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Stocks had a big rebound in 2019 out of the fourth quarter selloff of the prior year. This occurred even though earnings growth for the S&P 500 flatlined and even turned sequentially negative late in 2019 leading many to ask if the recent rally is sustainable.

It’s true that stock prices don’t discount the past, they discount the future. While the relationship is not perfect, they, in fact, lead earnings by about six months. There is, however, a great deal of noise at times with stocks suggesting earnings growth or earnings declines that don’t materialize and stocks quickly change course to reflect the direction of their underlying fundamentals. Last year’s rally clearly implies a major rebound in year-over-year earnings growth over the next few months from about 0% to nearly 30%.

One reason this may turn out to be another example of noise rather than signal is that leading indicators for earnings like the direction of the dollar, oil prices and interest rates suggest earnings will actually decline this year by as much as 20% rather than rise that much or more as stock prices seem to suggest.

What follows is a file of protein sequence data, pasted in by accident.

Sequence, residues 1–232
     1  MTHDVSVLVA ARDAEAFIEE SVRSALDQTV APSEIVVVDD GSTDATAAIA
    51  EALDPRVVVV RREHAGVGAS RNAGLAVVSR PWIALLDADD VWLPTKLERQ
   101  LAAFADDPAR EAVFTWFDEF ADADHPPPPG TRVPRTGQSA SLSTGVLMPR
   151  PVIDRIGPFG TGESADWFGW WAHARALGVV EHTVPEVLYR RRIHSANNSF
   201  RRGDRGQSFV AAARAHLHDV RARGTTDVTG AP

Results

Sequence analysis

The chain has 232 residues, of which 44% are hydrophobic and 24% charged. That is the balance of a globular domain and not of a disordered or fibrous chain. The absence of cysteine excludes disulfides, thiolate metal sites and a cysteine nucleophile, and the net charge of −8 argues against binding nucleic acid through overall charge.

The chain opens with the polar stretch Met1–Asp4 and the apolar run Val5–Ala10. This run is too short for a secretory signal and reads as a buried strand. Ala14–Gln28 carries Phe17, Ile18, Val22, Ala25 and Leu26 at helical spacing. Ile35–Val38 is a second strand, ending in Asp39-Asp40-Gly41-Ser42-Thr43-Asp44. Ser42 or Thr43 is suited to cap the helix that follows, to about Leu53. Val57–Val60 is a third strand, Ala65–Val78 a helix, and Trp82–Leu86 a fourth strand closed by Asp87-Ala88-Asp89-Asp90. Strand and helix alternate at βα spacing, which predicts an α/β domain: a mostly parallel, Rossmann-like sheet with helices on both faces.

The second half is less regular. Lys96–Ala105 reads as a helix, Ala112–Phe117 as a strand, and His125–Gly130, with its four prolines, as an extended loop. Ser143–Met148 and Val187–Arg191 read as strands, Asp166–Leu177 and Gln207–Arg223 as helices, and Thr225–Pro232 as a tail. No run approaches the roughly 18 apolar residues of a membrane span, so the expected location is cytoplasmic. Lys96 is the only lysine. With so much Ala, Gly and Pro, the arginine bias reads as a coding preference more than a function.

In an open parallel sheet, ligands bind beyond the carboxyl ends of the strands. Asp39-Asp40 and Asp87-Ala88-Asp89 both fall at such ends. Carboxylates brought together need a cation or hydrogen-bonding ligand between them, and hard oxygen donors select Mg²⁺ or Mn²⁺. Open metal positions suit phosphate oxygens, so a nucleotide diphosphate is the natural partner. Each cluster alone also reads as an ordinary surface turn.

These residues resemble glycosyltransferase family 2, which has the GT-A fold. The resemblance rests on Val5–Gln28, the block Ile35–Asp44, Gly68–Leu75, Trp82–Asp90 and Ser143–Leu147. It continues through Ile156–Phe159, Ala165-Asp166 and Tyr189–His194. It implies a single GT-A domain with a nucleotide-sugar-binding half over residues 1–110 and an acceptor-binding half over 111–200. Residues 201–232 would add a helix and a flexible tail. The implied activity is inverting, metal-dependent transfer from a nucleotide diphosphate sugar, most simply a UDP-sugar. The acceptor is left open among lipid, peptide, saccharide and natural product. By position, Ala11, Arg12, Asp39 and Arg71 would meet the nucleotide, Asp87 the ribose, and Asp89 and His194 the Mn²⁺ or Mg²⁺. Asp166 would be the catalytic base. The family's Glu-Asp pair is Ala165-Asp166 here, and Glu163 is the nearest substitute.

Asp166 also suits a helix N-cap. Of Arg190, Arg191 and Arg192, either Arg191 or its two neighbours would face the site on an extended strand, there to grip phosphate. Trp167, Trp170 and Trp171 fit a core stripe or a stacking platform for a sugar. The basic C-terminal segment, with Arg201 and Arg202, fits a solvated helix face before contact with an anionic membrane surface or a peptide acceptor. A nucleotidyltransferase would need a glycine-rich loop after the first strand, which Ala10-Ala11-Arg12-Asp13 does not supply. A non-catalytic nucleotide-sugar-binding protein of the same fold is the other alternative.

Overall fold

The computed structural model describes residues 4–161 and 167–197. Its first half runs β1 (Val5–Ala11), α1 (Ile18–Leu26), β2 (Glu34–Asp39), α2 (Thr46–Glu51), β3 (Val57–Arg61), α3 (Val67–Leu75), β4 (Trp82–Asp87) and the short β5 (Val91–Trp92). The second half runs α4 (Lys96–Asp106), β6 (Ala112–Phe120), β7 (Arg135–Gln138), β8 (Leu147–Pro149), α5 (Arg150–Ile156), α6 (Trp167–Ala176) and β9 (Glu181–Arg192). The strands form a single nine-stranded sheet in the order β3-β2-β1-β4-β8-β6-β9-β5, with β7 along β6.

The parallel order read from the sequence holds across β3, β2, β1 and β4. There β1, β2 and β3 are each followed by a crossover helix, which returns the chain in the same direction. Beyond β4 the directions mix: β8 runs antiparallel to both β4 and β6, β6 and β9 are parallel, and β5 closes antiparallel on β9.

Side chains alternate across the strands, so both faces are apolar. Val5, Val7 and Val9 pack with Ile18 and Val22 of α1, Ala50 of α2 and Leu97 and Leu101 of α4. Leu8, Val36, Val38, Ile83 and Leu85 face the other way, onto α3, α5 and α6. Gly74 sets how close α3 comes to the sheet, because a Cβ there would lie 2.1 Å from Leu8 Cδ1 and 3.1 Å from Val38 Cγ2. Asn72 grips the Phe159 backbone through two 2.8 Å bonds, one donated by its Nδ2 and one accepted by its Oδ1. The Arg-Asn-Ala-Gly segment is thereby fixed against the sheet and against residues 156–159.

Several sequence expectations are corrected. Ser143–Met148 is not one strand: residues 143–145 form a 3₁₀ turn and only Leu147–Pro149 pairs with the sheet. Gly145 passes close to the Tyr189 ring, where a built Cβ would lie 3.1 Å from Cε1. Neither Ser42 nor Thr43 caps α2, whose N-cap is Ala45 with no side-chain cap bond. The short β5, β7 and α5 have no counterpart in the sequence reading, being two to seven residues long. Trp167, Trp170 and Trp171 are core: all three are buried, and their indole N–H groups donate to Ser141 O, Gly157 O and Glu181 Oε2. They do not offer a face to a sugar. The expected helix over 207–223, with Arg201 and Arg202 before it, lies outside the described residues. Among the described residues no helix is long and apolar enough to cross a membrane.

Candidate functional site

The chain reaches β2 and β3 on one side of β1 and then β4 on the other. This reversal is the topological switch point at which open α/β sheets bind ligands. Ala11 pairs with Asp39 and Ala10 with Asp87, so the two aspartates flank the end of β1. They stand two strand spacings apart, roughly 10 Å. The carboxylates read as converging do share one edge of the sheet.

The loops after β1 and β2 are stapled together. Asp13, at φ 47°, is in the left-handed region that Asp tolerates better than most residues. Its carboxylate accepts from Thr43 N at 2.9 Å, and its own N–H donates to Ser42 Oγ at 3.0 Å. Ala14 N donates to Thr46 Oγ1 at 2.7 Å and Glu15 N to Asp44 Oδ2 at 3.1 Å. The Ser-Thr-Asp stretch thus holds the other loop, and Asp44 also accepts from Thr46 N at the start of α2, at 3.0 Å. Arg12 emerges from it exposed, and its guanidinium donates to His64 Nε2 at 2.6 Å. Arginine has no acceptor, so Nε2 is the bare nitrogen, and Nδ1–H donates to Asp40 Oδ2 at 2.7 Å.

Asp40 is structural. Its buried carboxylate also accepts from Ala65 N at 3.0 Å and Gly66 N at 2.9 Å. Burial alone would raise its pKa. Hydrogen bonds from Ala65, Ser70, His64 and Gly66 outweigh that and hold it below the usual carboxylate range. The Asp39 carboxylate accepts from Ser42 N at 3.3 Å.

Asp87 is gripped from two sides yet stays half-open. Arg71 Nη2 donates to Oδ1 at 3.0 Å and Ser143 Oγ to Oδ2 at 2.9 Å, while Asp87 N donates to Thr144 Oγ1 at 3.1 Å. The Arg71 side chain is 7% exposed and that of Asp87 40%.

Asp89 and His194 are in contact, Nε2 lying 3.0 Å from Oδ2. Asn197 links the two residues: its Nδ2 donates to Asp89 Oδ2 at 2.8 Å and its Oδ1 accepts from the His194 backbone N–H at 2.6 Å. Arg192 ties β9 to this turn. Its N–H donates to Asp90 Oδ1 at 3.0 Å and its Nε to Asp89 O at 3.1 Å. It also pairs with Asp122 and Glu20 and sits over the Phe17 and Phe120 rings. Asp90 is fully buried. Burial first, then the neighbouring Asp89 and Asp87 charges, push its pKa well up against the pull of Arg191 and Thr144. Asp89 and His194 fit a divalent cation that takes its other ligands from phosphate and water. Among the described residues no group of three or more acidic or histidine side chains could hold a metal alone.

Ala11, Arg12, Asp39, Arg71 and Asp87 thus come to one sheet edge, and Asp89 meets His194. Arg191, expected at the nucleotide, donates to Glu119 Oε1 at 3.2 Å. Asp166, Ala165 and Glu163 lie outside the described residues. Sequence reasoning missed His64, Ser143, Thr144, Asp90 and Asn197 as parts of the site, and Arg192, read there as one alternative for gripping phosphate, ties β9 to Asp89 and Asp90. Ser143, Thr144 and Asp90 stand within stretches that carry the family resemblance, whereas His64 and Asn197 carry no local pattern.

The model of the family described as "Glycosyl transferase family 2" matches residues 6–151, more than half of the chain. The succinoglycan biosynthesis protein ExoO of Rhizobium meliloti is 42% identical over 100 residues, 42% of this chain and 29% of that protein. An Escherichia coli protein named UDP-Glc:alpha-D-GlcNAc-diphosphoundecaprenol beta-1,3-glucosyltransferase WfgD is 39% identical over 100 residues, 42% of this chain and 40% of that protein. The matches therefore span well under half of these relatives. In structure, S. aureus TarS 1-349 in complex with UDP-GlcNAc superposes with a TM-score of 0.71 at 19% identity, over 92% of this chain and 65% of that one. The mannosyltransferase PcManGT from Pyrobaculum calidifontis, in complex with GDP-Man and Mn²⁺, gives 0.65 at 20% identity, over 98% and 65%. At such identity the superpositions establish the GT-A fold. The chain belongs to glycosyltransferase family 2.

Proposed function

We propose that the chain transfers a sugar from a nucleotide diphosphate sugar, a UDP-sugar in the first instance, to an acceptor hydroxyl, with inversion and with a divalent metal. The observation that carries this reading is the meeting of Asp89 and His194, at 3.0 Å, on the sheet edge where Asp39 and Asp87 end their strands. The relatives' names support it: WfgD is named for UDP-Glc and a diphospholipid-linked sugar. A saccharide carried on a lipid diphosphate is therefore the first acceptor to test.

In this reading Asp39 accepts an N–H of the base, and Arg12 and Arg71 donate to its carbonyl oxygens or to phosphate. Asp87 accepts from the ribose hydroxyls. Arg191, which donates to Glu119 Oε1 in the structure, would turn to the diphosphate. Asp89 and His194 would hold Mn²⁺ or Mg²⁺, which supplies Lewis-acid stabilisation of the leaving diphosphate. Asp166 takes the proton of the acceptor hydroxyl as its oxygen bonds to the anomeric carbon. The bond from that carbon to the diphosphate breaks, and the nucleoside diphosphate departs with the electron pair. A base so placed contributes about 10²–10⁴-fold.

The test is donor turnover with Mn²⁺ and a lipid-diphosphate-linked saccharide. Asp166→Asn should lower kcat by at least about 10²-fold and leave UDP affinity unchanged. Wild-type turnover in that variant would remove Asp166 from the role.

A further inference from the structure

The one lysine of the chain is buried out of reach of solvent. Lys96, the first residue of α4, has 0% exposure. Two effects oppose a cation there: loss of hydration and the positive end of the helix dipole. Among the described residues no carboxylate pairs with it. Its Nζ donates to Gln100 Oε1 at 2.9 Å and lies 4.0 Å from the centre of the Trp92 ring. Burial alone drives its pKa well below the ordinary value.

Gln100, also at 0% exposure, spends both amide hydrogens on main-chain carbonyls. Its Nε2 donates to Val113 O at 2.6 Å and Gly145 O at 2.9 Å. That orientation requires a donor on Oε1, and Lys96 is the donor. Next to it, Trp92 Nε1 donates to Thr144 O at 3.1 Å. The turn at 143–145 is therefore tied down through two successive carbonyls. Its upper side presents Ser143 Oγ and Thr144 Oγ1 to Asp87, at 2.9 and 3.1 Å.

Should these leading indicators prove to be right and stock prices wrong, it would leave a pretty sizable air pocket beneath the indexes. So, as it could help to adjudicate this debate, this earnings season we are now approaching and, more specifically, the guidance companies provide for the rest of the year could be more important than most.